When does Human Life Begin?
A very good article on when embriologists define the beginings of human life can be found in the January edition of First Things Magazine. In his article Embryology: Inconvenient Facts, William L. Saunders, Senior Fellow and Director of the Center for Human Life and Bioethics in Washington D.C. writes:
"Every human being begins as a single-cell zygote, grows through the embryonic stage, then the fetal stage, is born and develops through infancy, through childhood, and through adulthood, until death. Each human being is genetically the same human being at every stage, despite changes in his or her appearance.
Embryologists are united on this point. Consider the following statements from standard textbooks: “Human development begins at fertilization.... This highly specialized, totipotent cell marked the beginning of each of us as a unique individual” (Keith L. Moore and T.V.N. Persaud); “Almost all higher animals start their lives from a single cell, the fertilized ovum (zygote).... The time of fertilization represents the starting point in the life history, or ontogeny, of the individual” (Bruce M. Carlson); “Although life is a continuous process, fertilization is a critical landmark because, under ordinary circumstances, a new, genetically distinct human organism is thereby formed.... The embryo now exists as a genetic unity” (Ronan O’Rahilly and Faiola Muller)."
Saunders goes on to explain why many have sought to change the definition of when human life begins by quoting from some of advocates of embrionic stem cell research, as well as defenders of abortion:
"These are the facts, which we can either affirm or deny. Unfortunately, the denial of inconvenient facts has become quite common during the past several decades. Consider, for example, an editorial published in the September 1970 issue of California Medicine, which was then the journal of the California Medical Association. The editorial invited the Association’s members to play a new game called “semantic gymnastics.” The first rule of the game was the “avoidance of the scientific fact, which everyone really knows, that human life begins at conception and is continuous whether intra- or extra-uterine until death.” The goal was to replace “the traditional Western ethic” respecting “the intrinsic worth and equal value of every human life regardless of its state or condition” with “a new ethic for medicine and society” in order “to separate the idea of abortion from the idea of killing.”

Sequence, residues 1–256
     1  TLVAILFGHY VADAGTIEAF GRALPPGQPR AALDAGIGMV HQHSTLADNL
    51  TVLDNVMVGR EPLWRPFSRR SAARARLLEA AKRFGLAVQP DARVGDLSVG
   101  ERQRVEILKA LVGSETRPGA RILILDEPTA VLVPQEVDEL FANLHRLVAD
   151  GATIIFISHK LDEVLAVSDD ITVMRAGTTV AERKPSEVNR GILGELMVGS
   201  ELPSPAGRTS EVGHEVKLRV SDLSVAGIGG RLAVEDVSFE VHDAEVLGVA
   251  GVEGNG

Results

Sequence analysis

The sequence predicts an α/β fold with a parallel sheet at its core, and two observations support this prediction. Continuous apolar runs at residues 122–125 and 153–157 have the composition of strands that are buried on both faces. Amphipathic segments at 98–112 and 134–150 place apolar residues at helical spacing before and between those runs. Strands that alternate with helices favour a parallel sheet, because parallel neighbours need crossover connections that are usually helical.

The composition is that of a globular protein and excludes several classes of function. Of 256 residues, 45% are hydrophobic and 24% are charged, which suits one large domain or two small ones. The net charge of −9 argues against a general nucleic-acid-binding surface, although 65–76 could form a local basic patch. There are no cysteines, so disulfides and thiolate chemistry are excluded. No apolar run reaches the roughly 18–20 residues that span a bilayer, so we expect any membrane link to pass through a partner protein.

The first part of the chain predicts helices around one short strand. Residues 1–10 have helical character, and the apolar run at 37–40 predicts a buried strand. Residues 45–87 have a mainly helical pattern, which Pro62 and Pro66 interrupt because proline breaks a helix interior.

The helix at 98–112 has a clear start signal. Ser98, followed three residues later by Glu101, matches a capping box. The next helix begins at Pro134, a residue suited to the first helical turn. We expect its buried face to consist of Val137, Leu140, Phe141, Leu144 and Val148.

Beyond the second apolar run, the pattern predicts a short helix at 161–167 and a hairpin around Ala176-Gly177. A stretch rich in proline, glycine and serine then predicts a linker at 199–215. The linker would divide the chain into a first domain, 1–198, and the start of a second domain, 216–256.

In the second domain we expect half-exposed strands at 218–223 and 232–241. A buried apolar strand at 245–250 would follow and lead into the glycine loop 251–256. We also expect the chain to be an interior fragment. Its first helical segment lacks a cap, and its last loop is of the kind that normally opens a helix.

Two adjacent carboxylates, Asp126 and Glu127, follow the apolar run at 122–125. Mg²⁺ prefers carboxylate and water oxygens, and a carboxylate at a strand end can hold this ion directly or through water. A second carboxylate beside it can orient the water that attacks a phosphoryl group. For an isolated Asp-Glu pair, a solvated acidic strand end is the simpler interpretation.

...For what public policy reasons was the term “pre-embryo” invented? Princeton biology professor Lee Silver, a noted advocate of all the new biotechnologies, supplies the answer in his Remaking Eden (1997):
* I’ll let you in on a secret. The term pre-embryo has been embraced wholeheartedly by IVF practitioners for reasons that are political, not scientific. The new term is used to provide the illusion that there is something profoundly different between a six-day-old embryo and a sixteen-day-old embryo. The term is useful in the political arena—where decisions are made about whether to allow early embryo experimentation—as well as in the confines of a doctor’s office where it can be used to allay moral concerns that might be expressed by IVF patients.
The debate over the ethics of abortion, cloning, IVF, and embrionic stem cell research requires that we understand what we mean by human life, and especially when it begins. The argument over "personhood" is a diversion, or red herring, intent on introducing dualism into the discussion, and thereby to short circuit any recognition of the fact that we are actually talking about human beings. This is especially important to keep in mind as the debate on the ethics of embryonic stem cell research (am I the only person to note that the media never uses this distinction, and always refers to it as simply "stem cell research" as if they are synonimous terms?). My experience has taught me that people even from the side opposed to such research often accept as a premise that it is a matter of religious faith and belief alone that accepts that human life begins at conception. But the science is, as we have seen above, very clear on this matter: human life begins at conception. So when we are talking about destroying that life, we are, in reality, talking about the killing of human beings. To deny this fact is to argue not with religious beliefs, but, rather, with science itself, and this strikes me as very ironic, since most of the proponents of embrionic stem cell research do so from the point of view of "advancing the cause of science."
Needless, to say, science cannot be divorced from ethics, or we end up in a very dangerous place in very short order.